Second, in the NGO sector, unlike in the business world, if you merge you will probably lose your brand. When Google bought YouTube, it still called it YouTube. Merlin, by contrast, has disappeared. If, for example, ChildFund and Plan merged, one of those brands (or both, if it was decided to devise a new joint name) would disappear. That’s a heavy price to pay for mergers.
Third, large NGOs operate these days as international federations. Merger decisions would have to be made at the global level. But a merger that makes sense in one country might not in another. In addition, decision making within these international federations is often frustratingly slow. Getting consensus on something as radical as a merger would be almost impossible.
In summary, it seems to us that one might wish for consolidation but it isn’t going to happen soon. For better or for worse – and there are upsides related to diversity and vibrancy – a crowded development NGO world is with us to stay.
What about modes of cooperation that are less drastic than mergers? In many industries, we’ve seen the emergence of powerful platforms (e.g., Uber) that mediate between consumers and providers. There are a few such platforms in the NGO world (e.g., GiveWell), but they are tiny. Big NGOs are unlikely to invest in platforms which may advantage smaller competitors (whether other international or developing country NGOs). Perhaps in the future we will see significant amounts flowing through giving platforms, but there no signs of the NGO sector being disrupted in this way yet.
Pooled fundraising can work well for small NGOs. NSW Kids in Need does this for small cancer charities. Patrick Kilby’s history of ACFID reveals how, back in the 1980s, Australia’s development NGOs ran pooled disaster relief campaigns. These folded, however, once larger agencies started to think that they could do better on their own.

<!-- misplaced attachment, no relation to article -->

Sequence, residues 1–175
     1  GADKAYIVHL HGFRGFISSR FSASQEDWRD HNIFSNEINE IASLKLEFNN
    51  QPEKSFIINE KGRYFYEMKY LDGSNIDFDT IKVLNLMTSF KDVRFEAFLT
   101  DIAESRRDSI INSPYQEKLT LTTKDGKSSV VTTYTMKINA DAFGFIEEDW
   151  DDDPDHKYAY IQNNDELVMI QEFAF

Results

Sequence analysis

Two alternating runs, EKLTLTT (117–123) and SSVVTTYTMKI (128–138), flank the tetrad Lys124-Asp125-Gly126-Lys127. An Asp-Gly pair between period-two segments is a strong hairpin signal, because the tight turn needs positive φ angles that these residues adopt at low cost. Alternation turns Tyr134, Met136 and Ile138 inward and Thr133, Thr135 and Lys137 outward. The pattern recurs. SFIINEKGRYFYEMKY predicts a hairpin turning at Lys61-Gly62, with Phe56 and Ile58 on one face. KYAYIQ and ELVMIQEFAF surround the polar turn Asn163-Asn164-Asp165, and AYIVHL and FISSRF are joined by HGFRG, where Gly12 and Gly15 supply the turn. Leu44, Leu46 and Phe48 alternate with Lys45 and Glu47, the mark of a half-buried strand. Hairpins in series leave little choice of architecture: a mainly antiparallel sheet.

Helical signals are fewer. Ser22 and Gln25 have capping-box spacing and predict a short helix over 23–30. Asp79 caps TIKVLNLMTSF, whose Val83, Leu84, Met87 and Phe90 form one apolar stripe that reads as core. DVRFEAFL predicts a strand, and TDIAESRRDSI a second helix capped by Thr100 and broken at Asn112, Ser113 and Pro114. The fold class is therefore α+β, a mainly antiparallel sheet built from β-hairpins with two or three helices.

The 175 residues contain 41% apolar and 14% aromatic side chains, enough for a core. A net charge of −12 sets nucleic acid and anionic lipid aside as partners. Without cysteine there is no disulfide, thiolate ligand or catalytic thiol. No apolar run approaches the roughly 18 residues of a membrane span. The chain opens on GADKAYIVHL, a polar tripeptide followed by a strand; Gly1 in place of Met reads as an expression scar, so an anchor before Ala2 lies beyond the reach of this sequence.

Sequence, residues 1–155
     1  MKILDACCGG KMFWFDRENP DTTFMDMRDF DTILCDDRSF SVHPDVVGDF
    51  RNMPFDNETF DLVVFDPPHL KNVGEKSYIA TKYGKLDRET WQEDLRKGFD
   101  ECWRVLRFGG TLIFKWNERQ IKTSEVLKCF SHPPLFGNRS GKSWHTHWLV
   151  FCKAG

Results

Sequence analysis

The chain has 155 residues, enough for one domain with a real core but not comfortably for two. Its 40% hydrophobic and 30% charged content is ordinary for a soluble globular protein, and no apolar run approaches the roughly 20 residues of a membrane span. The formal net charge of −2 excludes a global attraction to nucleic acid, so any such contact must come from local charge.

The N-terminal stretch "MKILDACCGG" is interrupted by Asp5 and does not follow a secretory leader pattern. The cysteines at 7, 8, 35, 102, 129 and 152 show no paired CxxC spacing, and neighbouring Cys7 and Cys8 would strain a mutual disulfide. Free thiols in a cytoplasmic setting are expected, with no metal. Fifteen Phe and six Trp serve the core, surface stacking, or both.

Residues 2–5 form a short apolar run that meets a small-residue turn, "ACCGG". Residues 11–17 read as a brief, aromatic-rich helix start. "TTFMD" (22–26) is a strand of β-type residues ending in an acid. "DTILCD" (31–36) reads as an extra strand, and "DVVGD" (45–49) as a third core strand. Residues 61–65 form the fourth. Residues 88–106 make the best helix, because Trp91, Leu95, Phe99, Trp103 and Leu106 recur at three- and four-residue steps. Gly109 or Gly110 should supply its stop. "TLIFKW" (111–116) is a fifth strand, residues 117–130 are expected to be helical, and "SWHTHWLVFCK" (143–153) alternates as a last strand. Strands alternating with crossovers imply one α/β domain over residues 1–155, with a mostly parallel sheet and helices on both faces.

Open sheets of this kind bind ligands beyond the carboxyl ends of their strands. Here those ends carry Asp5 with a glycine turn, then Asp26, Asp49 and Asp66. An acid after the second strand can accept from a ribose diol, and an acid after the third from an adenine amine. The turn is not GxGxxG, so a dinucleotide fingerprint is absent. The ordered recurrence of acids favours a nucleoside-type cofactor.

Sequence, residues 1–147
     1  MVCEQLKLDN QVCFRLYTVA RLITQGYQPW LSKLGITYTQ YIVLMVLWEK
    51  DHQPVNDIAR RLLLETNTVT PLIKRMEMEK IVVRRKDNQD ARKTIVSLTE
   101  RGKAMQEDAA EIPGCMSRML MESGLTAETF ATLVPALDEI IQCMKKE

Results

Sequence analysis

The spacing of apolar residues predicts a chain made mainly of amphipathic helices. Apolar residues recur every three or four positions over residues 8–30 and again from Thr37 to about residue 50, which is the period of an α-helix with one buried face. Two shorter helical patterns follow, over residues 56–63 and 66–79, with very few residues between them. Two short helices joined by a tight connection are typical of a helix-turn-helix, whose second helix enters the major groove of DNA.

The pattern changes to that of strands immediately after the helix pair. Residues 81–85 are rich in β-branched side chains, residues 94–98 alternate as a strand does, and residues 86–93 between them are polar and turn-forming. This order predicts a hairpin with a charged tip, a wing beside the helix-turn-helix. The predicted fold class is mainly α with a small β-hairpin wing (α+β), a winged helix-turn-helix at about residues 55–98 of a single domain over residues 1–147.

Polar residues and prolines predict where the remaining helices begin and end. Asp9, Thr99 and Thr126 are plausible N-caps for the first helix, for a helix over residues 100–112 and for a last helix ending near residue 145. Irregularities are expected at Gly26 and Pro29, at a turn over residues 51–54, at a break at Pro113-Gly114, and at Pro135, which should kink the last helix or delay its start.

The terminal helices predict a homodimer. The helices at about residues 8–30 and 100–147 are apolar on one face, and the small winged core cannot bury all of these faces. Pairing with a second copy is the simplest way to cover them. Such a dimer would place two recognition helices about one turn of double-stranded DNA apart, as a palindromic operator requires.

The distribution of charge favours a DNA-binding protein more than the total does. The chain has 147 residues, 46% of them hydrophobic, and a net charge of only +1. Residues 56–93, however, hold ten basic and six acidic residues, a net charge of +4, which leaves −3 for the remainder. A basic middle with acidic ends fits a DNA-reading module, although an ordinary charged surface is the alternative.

All of the above notwithstanding, we should not be fatalistic. More could be achieved by common action. Terence Wood has recently suggested that Australia’s development NGOs all contribute 0.7% of their income to a pooled advocacy campaign around Australian aid. That is the sort of ambitious but practical common endeavor that could unite Australia’s disparate and growing number of development NGOs.
Ashlee Betteridge is a Research Officer and Stephen Howes the Director of the Development Policy Centre.
Note: The ACFID membership numbers compare ACFID Code of Conduct signatories in 2010 with ACFID full members in 2015. It is no longer possible to sign the ACFID Code of Conduct and not be a member of ACFID.
About the author/s
Ashlee Betteridge is the Manager at the Development Policy Centre. She was previously a Research Officer at the centre from 2013-2017. A former journalist, she holds a Master of Public Policy (Development Policy) from ANU and has development experience in Indonesia and Timor-Leste.
Stephen Howes is the Director of the Development Policy Centre and a Professor of Economics at the Crawford School.